Bring the mixture to a boil, then reduce the heat enough to simmer the liquid, uncovered, for 1½ to 1¾ hours, until it thickens and caramelizes. For the first hour, you will need to stir only occasionally and make sure the mix doesn’t settle on the bottom. After that first hour, the milk will begin to caramelize more intensely, and you’ll need to stir more often, to avoid burning.

After 30 minutes...

After one hour...
After 90 minutes.
When the mixture is well caramelized, remove the pan from the heat and stir in the vanilla. Transfer to a bowl to cool.

Kitchen Goddess Recipe for Disaster: If you are making dulce de leche in the condensed milk method and asking someone – like your darling husband – to pour the water into the pan for the water bath, be sure to let them know that it goes into the larger, roasting pan and not the pie pan containing the milk. Because there’s no way to cook it down enough to get rid of all that extra water and you will end up with a small marital crisis on your hands and no way to get a picture of the final product unless you start over with another can of milk, which you might not have. Just saying.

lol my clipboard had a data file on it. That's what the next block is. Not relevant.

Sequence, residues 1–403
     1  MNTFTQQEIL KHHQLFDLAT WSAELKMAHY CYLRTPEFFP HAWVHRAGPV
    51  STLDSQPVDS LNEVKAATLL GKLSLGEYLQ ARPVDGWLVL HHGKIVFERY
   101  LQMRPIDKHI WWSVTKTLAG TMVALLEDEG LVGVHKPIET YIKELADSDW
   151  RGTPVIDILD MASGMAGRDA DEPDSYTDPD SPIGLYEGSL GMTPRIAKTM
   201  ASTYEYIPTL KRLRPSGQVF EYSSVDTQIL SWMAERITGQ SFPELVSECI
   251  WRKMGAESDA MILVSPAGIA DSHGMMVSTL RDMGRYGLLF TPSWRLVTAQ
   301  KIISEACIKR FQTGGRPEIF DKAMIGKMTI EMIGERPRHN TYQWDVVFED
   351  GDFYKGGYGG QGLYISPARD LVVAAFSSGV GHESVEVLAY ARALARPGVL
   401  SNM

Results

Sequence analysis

Sweetened condensed milk method:

One 14-ounce can of sweetened condensed milk (not the same as plain evaporated milk, which has no added sugar)

Preheat the oven to 425°F. Move one of the racks to the middle of the oven.

Pour the contents of the can of sweetened condensed milk into a 9-inch pie pan (deep-dish if you have one) and place it in a roasting pan with sides at least 2 inches deep. Cover the pie pan tightly with foil. Add enough hot water to the roasting pan to reach halfway up the pie plate.

Bake the milk in the middle of the oven for 1½ hours, checking the water level at the 45-minute mark and adding additional water if necessary. Check milk at the end of the 1½ hours – if it’s not thick and brown, replace the foil and cook another 15 minutes.

Once the milk is thick and brown, remove pie plate from the water bath and cool, uncovered. Makes about 1¼ cups.

Dulce de leche will keep for a month, refrigerated. You can also freeze it. Even better, make Dulce de Leche Ice Cream, from this recipe.

¡Feliz Cinco de Mayo!